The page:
The ACOR filed an appeal with a court in the French city of Aix-en-Provence and refused to vacate the church. In May 2011, the court ruled in Russia’s favor and the ACOR representatives had to give up the keys and leave, but they filed a second appeal with a higher court.

The Court of Cassation has made the case final.

St. Nicholas Cathedral, the largest Russian Orthodox Cathedral outside Russia, was built in 1912 in Nice and opened by Tsar Nicholas II, who had funded the construction, in the same place where his uncle, Grand Duke Nicholas Alexandrovich died in 1865. The land on which the church was built had been purchased by Alexander II.  In the 1920s, the church came under ACOR management, however their lease to the church expired on December 31 2007. 

In 2006, Russia decided to retrieve its property and filed a lawsuit to this aim.  The church is a popular tourist attraction with up to 150,000 people visiting it annually, according to the French media.

© RAPSI Russian Legal Information Agency. 11 April, 2013



Posted by Paul Gilbert at 6:19 AM EDT
Updated: Thursday, 11 April 2013 6:28 AM EDT
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The Art of Restoration at the Moscow Kremlin Museums
Topic: Exhibitions

Photo: Cup-Nautilus. © Moscow Kremlin Museums

A new exhibition, being held in the Assumption Belfry, incorporates outstanding artworks from the Moscow Kremlin Museums’ collection, that have passed through the hands of restorers over the last ten - fifteen years. The exposition serves as a representation of the profound research and scientific work, being carrying out in the museum but still staying a veiled mystery to our visitors.

Ninety five XIVth-XXth century masterpieces, made from various materials and finished with various techniques, are exposed at the exhibition. The museums’ specialists, having mastered to perfection the art of restoration, successfully employ current technologies and innovations in the restoration industry and show an exquisite workmanship in renovating artworks and historical artifacts. Their diligence and proficiency gave us an opportunity to admire the beauty and splendour of the restored items therefore to learn more about our past.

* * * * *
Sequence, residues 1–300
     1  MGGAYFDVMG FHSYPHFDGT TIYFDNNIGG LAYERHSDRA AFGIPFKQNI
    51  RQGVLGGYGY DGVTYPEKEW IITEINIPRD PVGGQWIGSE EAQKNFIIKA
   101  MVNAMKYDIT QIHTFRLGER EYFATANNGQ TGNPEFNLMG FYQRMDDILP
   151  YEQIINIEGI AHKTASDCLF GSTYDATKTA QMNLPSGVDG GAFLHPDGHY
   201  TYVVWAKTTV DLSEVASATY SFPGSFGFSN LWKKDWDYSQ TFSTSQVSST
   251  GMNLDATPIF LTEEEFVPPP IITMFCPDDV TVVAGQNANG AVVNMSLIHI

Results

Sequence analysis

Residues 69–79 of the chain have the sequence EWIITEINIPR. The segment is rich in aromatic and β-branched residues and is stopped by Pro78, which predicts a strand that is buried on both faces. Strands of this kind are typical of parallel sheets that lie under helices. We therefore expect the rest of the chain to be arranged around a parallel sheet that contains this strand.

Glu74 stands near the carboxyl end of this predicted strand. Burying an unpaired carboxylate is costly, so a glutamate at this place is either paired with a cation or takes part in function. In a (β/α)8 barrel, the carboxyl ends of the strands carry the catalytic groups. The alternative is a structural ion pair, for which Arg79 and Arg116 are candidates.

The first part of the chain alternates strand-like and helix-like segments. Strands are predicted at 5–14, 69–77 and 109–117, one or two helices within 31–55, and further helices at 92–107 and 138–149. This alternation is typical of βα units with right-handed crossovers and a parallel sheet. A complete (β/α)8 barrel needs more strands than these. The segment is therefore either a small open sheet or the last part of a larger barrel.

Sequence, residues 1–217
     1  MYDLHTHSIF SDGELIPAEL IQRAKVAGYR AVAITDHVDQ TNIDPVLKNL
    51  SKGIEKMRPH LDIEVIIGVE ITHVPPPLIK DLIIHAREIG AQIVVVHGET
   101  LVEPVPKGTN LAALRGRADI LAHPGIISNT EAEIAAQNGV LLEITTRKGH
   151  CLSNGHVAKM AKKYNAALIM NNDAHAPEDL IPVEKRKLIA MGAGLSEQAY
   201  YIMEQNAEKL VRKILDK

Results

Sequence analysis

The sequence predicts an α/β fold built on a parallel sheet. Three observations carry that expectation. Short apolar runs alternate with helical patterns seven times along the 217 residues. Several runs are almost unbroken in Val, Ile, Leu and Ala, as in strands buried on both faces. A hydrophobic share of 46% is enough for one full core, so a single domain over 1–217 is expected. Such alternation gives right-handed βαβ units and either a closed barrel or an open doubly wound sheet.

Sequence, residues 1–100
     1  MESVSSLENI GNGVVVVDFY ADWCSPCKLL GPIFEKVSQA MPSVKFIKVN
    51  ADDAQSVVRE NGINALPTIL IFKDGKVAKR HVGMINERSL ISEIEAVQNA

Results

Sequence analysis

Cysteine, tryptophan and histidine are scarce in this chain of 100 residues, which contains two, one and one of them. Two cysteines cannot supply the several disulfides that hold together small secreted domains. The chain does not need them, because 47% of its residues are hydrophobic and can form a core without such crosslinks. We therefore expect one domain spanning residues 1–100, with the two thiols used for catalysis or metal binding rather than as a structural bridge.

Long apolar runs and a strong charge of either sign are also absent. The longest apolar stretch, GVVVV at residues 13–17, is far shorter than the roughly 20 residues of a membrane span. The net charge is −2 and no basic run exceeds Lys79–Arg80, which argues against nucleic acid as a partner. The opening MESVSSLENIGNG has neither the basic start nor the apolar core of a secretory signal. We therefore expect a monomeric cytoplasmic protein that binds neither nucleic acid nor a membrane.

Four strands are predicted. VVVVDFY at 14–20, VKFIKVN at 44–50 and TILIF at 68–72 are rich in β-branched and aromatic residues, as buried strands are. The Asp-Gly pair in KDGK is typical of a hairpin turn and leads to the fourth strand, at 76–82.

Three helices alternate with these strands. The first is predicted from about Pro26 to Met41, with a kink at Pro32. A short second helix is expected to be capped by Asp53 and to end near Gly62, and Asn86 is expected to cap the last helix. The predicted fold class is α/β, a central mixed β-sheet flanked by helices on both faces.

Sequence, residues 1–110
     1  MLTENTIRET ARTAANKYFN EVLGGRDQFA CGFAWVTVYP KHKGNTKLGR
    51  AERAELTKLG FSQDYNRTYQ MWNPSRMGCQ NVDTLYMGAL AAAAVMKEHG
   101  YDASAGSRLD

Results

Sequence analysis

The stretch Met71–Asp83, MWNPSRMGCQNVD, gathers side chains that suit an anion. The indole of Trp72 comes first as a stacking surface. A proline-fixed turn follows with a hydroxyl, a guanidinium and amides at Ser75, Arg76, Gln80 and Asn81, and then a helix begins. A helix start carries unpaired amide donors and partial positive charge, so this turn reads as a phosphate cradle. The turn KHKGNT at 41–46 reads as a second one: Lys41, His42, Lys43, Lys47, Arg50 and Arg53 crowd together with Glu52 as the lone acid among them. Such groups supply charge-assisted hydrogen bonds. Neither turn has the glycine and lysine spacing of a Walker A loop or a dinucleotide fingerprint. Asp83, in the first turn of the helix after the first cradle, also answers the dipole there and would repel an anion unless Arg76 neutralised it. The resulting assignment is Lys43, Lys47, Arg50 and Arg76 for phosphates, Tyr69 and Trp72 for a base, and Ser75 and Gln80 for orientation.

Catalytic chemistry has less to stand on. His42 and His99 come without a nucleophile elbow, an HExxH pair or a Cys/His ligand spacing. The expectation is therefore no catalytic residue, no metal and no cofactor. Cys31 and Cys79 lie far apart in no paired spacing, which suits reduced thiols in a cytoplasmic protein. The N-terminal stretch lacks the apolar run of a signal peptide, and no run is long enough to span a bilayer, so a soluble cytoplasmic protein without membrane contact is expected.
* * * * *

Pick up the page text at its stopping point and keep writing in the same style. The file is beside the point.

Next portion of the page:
The exhibition runs until August 11th, 2013 in the Assumption Belfry of the Moscow Kremlin.

© Moscow Kremlin Museum. 11 April, 2013



Posted by Paul Gilbert at 6:11 AM EDT
Updated: Thursday, 11 April 2013 6:18 AM EDT
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Wednesday, 10 April 2013
Help Keep the Memories of Old Russia Alive
Topic: Royal Russia

If you enjoy the daily news, videos and photographs on this blog, as well as our main web site, please consider supporting our ongoing work by purchasing our magazines and calendars (coming September 2013). The proceeds help offset the costs of maintaining this blog and web site, translation costs and much more. Plus, earlier this year, Royal Russia initiated a new campaign: Giving Back to Russia - which provides donations to Tsarskoye Selo and Peterhof for restoration work and the acquisition of items for their respective museum collections. 

The magazines and calendars will be enjoyed by any one with an interest in the Romanov dynasty or Imperial Russia. Not only will they make great additions to your own personal library, but make the perfect gifts to friends and family who share your interest in these subjects.

Thank you for helping to keep the memories of old Russia alive!

© Paul Gilbert @ Royal Russia. 10 April, 2013


 

Posted by Paul Gilbert at 11:05 AM EDT
Updated: Wednesday, 10 April 2013 11:22 AM EDT
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Romanov Treasures to Return to Russia
Topic: Tsarskoye Selo

 

Angelica and Paul Ilyinsky, in a 1999 photograph. Source: Palm Beach Daily News 

The Tsarskoye Selo State Museum Preserve is to receive a collection of items from the American descendants of Grand Duke Dmitri Pavlovich.

Michael Romanoff Ilyinsky, the son of Paul Ilyinsky (1928-2004), and grandson of Grand Duke Dmitri Pavlovich will present the museum with a gift which includes "more than 100 photographs, dozens of books, and portraits of members of the Imperial family."

"The personal items related to my grandfather returning to Russia are only part of the family archive," said Ilyinsky in New York, "the remainder of the collection will eventually find its way home to Russia." - Source: Itar-Tass

Michael Romanoff Ilyinsky made a previous gift to the Tsarskoye Selo State Museum Reserve in January of this year. The article Russia's Largest Collection of Grand Duke Dmitri Pavlovich Memorabilia was added to Royal Russia Bulletin on January 30th.